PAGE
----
Show that $\displaystyle x^{10}+x^9+x^8+...+x+1$ is irreducible over $\displaystyle Q$ - set of all rational numbers.

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- Feb 8th 2010, 11:36 AMArczi1984Irreducible polynomial
Show that $\displaystyle x^{10}+x^9+x^8+...+x+1$ is irreducible over $\displaystyle Q$ - set of all rational numbers.

- Feb 8th 2010, 11:43 AMTheEmptySet
- Feb 8th 2010, 11:50 AMArczi1984
Thank You for help:) I think that I'm too tired because of this I've problems with so easy task:(

- Feb 8th 2010, 11:58 AMBruno J.
Another way to see it is that your polynomial is just $\displaystyle \frac{x^{11}-1}{x-1}$; and the roots of $\displaystyle x^{11}-1$ are the 11-th roots of unity, none of which lie on the real axis except for $\displaystyle x=1$.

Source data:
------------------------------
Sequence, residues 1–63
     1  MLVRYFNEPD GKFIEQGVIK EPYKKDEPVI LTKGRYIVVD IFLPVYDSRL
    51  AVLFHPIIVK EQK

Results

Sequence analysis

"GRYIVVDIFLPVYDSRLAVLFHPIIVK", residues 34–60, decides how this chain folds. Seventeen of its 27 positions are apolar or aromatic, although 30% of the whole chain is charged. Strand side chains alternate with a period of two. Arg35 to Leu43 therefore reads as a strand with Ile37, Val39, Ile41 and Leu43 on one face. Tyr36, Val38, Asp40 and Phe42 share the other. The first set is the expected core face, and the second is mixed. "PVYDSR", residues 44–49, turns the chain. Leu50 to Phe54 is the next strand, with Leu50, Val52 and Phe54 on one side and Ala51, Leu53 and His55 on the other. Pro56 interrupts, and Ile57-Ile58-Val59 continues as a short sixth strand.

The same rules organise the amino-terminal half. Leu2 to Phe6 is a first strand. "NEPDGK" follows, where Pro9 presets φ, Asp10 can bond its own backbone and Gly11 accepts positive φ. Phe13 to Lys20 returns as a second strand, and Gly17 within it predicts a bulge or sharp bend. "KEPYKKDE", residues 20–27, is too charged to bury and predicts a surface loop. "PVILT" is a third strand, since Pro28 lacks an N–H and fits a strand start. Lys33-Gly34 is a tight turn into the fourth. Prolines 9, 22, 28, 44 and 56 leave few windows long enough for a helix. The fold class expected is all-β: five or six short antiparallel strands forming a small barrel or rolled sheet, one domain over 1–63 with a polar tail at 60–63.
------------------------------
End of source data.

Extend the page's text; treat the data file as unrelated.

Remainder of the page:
- Feb 9th 2010, 12:02 AMOpalg
Being irreducible is a much stronger property than having no roots (in the given field). Having no roots means that there are no linear factors. But for a polynomial to be irreducible it must have no nontrivial factors at all.

As Bruno J. points out, the roots of the given polynomial in the complex field are the complex 11th roots of unity. These can be grouped in complex conjugate pairs to form quadratic factors $\displaystyle x^2 - 2\cos(2k\pi/11)*x + 1$ (for k = 1,2,3,4,5) over the real field. To show that the polynomial is irreducible over the rationals, you would have to show that none of these can be grouped together to form a rational polynomial. I don't know how to do that, but presumably it must involve showing that those cosines are seriously irrational. - Feb 9th 2010, 12:08 AMynj